According to a research team at Pennsylvania State University, local watershed organizations are influencing community dynamics—and the nature of environmental stewardship—in rural Pennsylvania. The Center for Rural Pennsylvania commissioned the study of rural watershed organizations, which drew on 27 in-depth interviews and questionnaires completed by 172 watershed organizations across the state.
“We got into this because we realized that community watershed organizations were really proliferating across the state,” said faculty member and researcher Frank Higdo. “There are literally hundreds of them, and we didn’t know that much about them.”
The study found that the role of watershed groups reached beyond the stream corridors. By forging new partnerships with conservation districts and other stakeholders, the organizations support water resources and community development as a whole.
Forty-four percent of watershed groups formed within the last 10 years, with more than 100 using grants from the state’s Growing Greener program. Water quality concerns were a leading cause for the formation of groups. But a number of concerns ranked as secondary causes, including environmental education, habitat restoration, recreation opportunities, land use planning, mining impacts, agricultural impacts, and water supply.
Growing Greener topped the list of funding sources for rural watershed organizations. Sixty-four percent had applied for Growing Greener grants, and 52 percent had received them.
Local watershed organizations in Pennsylvania play a vital role in community education as well as on-the-ground stream restoration. In recent years, local projects supported with funds from the Growing Greener program have:
- Planted more than 188 miles of streamside buffers;
- Restored 4,200 acres of wetlands;
- Reclaimed more than 2,000 acres of abandoned mines;
- Plugged 770 abandoned oil and gas wells; and
- Supported the assessment of 153 watersheds.
Sportsmen were often among the organizations’ founders. “Hunting and fishing groups, like Turkeys Unlimited and Trout Unlimited, were often the catalyst for getting these groups started. They got to talking among themselves and established a common interest,” said faculty member Kathryn Brasier, who also collaborated on the study.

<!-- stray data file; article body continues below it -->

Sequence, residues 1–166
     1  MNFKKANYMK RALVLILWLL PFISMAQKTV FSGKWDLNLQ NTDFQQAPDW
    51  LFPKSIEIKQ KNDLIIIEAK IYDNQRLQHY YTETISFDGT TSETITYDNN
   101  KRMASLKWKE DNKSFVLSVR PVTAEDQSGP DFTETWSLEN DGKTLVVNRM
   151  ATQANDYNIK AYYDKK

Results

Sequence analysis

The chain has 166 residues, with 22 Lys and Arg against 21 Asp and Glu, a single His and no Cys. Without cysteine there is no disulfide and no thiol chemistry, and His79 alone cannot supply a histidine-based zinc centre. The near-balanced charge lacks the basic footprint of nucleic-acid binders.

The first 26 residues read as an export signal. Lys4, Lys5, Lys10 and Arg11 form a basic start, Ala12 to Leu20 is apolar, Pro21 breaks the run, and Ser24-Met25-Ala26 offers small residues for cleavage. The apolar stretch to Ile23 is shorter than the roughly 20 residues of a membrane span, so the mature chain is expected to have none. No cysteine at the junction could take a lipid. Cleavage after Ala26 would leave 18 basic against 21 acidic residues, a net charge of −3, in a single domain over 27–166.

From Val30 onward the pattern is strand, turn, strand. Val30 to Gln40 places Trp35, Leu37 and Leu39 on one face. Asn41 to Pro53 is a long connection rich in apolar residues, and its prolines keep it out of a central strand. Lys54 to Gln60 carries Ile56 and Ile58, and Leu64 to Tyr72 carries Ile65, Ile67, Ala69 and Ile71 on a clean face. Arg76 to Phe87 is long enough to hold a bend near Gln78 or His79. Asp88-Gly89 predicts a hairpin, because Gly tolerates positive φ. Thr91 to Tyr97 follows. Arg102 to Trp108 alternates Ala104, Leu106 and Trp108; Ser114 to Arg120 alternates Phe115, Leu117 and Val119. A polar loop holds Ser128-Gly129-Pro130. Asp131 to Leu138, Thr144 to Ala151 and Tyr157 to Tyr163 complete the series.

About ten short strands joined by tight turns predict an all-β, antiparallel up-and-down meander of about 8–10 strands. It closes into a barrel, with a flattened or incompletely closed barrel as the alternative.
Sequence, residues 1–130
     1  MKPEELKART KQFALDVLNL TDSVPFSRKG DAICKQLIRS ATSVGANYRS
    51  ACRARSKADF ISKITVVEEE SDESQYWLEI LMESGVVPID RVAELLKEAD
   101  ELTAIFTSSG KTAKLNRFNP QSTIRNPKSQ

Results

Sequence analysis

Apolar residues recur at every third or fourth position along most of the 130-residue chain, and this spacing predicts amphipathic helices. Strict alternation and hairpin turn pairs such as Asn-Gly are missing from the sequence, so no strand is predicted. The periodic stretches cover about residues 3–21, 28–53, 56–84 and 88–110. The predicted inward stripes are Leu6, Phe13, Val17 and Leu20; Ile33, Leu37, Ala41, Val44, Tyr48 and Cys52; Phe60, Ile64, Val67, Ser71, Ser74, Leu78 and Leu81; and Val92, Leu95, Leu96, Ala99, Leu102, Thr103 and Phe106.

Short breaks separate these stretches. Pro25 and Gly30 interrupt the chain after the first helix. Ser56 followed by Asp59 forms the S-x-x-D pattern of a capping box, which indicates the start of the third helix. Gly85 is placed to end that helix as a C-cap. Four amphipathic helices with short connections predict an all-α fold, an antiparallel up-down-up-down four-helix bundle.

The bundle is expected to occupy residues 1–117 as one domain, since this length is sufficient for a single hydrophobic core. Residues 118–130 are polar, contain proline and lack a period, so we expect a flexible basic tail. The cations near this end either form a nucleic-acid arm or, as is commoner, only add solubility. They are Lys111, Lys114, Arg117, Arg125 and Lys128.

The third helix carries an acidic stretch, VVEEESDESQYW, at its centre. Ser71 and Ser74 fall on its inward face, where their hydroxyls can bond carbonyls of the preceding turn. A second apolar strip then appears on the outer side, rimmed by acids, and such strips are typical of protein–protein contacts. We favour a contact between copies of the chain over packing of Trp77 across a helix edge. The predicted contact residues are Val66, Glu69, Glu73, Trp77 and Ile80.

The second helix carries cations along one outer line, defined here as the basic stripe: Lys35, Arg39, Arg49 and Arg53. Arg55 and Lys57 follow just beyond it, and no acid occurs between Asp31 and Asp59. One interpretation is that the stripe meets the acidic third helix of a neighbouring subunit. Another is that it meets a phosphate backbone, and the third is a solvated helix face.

“These groups actively distance themselves from the conventional image of environmental activism,” said Richard Stedman, another member of the research team. “They don’t want to be seen as radicals on the fringe of their communities.”
The relatively smaller size of rural communities makes it especially difficult to be productive through a confrontational or divisive approach. Instead, groups build support through community education and hands-on projects that show positive results for their watersheds. Most raise community awareness through letter-writing campaigns, public meetings, and media interviews. They focus on voluntary conservation practices and changing attitudes through environmental education with citizens and students. This approach allows the organizations to maintain relationships with diverse groups and act as legitimate facilitators on public issues.
“But they aren’t shrinking violets,” Brasier said. Watershed organizations work closely with local, regional and state agencies to address problems. When they find regulatory violations, they report them.
Many local watershed organizations also impact their communities in ways that reach beyond environmental concerns. By collaborating with citizens and local governments, they create positive relationships and a network of people who want to be active in their communities. This network can be especially effective in rural settings, where one strong network can influence multiple aspects of the community.
“Community watershed organizations can have a variety of impacts within a community beyond water quality. They also contribute to leadership development and awareness of other issues like land use and how the community all fits together,” Brasier said. In several cases, watershed organizations have spawned efforts to address public health and recreation issues. “I’ve been struck by the number of people who, because of their interests and learning through the watershed organizations, have sought out workshops on their own and started teaching other people.”
The study also showed that education was one of the most visible and often-cited roles for community watershed groups. Groups offer a comprehensive vision of environmental quality that includes both the ecological and social significance of local waterways. Along with presentations for adult community groups, watershed organizations work closely with local schools on curriculum and field studies.
“Watershed organizations are providing teachers with resources, like watershed models, and giving students a very hands-on experience of their local resources that the schools couldn’t offer themselves,” Brasier said.